• Royalty relief was approved for all 76 applicants, fueling concerns that the BLM’s guidance amounts to little more than rubber-stamping industry rate cutting requests.
  • The royalty rate was reduced to 5% for 56 leases, and to 2.5% for the remaining 20 leases. In all cases, the reduced rate will be have an initial term 60 days between May 1 and June 30, though operators can apply for unlimited extensions.
  • More than two-thirds of the applications (54) were filed in mid-April before the BLM issued its guidance on April 21. These applications were all granted rate reduction down to 5% after two weeks of evaluation. Of the 22 applications filed after the guidance, the BLM granted all but two a temporary 2.5% rate after a review of only five days. This indicates that the BLM is reducing rates more with less review since the guidance was published.
  • The royalty reductions for the 76 leases were requested by just 11 different operators, broken down as follows:
Utah Oil and Gas Lease Sale: End of Year Disappointment
Operator Leases Acres
Nerd Gas Co. with Kirkwood Oil & Gas 47 63,525
Lonesome Oil & Gas 11 6,261
Finley Resources (some with CH4 Energy) 10 13,161
QEP Energy 1 160
Cross Timbers Energy 1 1,920
EOG Resources 1 1,630
Cockrell Oil & Gas 1 302
McCormick Resources 1 160
Kerr McGee Onshore 1 880
Robert L Bayless Producer 1 1,494
Total 76 89,806


  • Royalty relief applications have not been limited to Utah. That the above data is limited only to Utah leases indicates that BLM’s Utah state office has been the only one to properly record the applications and its decisions on them.


June 1:

In the last few days, BLM has updated its records to reflect royalty relief granted to nine more leases. Of the nine leases, eight are in Wyoming, and the last is in Colorado. Together they cover an additional 12,200 acres of federal lands, raising the overall royalty relief total to 85 leases covering 102,000 acres. Below are a few more findings from the newest leases with royalty relief:

  • Wyoming operators are getting even lower rates. All eight leases in the state were granted a reduced rate of just 0.5% – the amount BLM had suggested in its April 21 guidance. This will allow operators to extract and sell federal oil while paying taxpayers next to nothing. The BLM in Colorado granted the one lease there a reduced rate of 4.6%.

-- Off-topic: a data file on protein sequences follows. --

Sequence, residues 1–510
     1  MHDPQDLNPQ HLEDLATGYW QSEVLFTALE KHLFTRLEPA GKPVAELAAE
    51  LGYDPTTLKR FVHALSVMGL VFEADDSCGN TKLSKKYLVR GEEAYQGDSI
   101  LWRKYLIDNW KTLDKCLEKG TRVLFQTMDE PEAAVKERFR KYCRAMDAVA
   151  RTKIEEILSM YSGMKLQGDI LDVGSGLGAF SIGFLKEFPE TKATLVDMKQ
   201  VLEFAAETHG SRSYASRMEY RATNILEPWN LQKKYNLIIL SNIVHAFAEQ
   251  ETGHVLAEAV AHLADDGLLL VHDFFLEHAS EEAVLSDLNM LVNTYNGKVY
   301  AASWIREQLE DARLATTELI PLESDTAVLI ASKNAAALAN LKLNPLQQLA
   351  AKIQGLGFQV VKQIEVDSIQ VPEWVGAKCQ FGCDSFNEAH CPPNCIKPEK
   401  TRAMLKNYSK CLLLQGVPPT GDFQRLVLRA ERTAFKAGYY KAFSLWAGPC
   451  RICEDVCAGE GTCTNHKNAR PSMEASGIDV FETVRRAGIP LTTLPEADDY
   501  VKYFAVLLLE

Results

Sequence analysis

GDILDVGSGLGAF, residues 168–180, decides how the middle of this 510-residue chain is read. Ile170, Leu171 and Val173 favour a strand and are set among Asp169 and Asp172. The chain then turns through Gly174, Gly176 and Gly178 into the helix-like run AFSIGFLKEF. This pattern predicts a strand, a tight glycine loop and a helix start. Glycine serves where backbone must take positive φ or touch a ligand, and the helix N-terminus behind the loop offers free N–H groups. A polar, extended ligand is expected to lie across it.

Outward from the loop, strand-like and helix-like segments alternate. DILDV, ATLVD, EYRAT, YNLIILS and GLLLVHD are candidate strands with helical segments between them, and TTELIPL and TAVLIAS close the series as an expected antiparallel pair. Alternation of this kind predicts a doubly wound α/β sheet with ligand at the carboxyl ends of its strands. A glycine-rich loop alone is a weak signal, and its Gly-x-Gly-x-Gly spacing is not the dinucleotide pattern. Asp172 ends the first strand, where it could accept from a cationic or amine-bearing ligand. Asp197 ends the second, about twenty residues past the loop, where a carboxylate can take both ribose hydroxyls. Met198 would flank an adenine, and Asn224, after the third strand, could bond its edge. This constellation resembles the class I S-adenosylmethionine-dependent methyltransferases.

• BLM updates are significantly delayed, particularly for Wyoming leases. Of the eight federal oil and gas leases in Wyoming with royalty relief, seven applied for relief in April, which was granted in all cases by May 13. Yet records weren’t updated for roughly two weeks. In contrast, BLM staff in the Colorado office updated records for the one lease in question almost immediately.
  • Operators get retroactive relief in some cases. For four of the newest leases with reduced royalties, the BLM applied relief retroactively starting on April 1, even though no lease applied until April 30. As a result, the initial 60-day term for relief was exhausted by the time the BLM updated its public records. Operators for these leases may have applied for extensions by now, but we’re unlikely to know for weeks to come. In addition, the retroactive relief may require the Office of Natural Resources Revenue to request money back from state governments if it had already disbursed royalty revenue for April.
  • Here are the companies with leases receiving the latest royalty relief:
Operator State Leases Acres
Vermillion Energy USA LLC WY 4 6,447
Oil Mountain Energy Inc. WY 2 320
Inexco Oil Co. WY 1 4,125
Ballard Petroleum Holdings LLC WY 1 706
Caerus Piceance LLC CO 1 614